Objective: To evaluate the benefits of coordinating community services through the Post-Acute Care (PAC) program in older patients after discharge from hospital.
Design: Prospective multicentre, randomised controlled trial with six months of follow-up with blinded outcome measurement.
Setting: Four university-affiliated metropolitan general hospitals in Victoria.
Participants: All patients aged 65 years and over who were discharged between August 1998 and October 1999 and required community services after discharge.
Interventions: Participants were randomly allocated to receive services of a Post-Acute Care (PAC) coordinator (intervention) versus usual discharge planning (control).
Main outcome measures: Comparison of quality of life and carer stress at one-month post-discharge, mortality, hospital readmissions, use of community services and community and hospital costs over the six months post-discharge.
Results: 654 patients were randomised, and 598 were included in the analysis (311 in the PAC group and 287 in the control group). There was no difference in mortality between the groups (both 6%), but significantly greater overall quality-of-life scores at one-month follow-up in the PAC group. There was no difference in unplanned readmissions, but PAC patients used significantly fewer hospital bed-days in the six months after discharge (mean, 3.0 days; 95% CI, 2.1–3.9) than control patients (5.2 days; 95% CI, 3.8–6.7). Total costs (including hospitalisation, community services and the intervention) were lower in the PAC than the control group (mean difference, $1545; 95% CI, $11–$3078).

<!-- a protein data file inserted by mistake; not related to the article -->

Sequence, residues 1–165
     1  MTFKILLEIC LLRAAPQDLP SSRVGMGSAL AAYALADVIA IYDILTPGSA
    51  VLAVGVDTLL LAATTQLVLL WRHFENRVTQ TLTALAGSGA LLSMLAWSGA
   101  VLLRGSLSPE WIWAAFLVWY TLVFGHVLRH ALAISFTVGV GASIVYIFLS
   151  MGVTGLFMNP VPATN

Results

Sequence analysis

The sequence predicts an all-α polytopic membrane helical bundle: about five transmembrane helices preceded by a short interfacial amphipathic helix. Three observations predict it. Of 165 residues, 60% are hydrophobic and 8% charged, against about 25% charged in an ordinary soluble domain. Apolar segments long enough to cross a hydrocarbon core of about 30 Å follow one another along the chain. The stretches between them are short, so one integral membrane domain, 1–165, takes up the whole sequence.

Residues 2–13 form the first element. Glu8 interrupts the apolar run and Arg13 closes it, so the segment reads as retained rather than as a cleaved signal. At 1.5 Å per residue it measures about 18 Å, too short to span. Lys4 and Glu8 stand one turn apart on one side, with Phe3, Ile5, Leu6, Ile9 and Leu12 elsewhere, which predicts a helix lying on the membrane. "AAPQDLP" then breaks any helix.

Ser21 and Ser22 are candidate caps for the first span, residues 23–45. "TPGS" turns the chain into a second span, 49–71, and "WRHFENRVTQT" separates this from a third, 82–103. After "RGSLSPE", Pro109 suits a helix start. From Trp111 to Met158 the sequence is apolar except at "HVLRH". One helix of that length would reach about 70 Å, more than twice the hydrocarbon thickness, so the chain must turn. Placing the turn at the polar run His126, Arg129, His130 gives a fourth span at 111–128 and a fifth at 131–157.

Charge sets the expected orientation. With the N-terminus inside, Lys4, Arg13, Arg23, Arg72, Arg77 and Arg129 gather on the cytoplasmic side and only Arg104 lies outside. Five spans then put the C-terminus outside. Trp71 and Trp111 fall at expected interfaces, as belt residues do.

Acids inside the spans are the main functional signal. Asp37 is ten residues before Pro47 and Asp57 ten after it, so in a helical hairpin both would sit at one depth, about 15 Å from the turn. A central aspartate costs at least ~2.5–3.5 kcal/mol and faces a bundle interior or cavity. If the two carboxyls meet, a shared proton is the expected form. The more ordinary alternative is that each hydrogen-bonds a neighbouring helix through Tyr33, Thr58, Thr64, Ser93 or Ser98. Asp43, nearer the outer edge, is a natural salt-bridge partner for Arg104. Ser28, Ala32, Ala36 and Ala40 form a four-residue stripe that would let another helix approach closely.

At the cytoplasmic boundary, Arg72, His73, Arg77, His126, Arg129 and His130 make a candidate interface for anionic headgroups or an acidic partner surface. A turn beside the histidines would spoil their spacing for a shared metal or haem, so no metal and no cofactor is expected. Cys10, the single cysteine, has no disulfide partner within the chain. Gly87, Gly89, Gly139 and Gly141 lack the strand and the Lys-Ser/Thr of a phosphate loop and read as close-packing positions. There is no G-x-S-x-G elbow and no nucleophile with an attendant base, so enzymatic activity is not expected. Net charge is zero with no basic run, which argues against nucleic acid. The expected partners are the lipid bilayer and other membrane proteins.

Conclusions: The PAC program is beneficial in the transition from hospital to the community in older patients.
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